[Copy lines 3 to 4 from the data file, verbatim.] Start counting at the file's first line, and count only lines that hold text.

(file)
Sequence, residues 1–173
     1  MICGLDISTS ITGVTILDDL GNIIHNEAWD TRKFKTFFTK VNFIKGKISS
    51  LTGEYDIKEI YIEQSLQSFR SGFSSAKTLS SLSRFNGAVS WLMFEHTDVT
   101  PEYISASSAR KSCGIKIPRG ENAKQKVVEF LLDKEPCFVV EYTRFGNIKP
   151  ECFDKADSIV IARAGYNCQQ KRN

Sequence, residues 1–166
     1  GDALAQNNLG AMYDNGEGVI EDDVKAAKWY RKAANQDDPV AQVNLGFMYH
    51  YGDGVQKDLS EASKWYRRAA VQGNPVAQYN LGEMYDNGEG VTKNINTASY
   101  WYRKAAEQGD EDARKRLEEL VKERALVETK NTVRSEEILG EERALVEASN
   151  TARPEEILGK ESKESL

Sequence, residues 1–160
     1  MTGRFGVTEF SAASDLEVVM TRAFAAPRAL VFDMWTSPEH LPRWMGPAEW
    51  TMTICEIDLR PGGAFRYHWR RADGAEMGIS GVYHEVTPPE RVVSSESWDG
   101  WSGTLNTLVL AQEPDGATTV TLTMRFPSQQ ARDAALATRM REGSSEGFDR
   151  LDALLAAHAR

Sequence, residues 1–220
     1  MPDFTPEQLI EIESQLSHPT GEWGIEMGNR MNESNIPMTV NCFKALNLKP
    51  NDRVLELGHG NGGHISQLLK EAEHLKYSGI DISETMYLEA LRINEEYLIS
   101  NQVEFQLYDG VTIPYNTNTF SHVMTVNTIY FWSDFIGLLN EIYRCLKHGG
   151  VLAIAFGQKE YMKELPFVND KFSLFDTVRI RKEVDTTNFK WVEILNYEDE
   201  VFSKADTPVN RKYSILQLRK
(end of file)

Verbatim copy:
    51  LTGEYDIKEI YIEQSLQSFR SGFSSAKTLS SLSRFNGAVS WLMFEHTDVT
   101  PEYISASSAR KSCGIKIPRG ENAKQKVVEF LLDKEPCFVV EYTRFGNIKP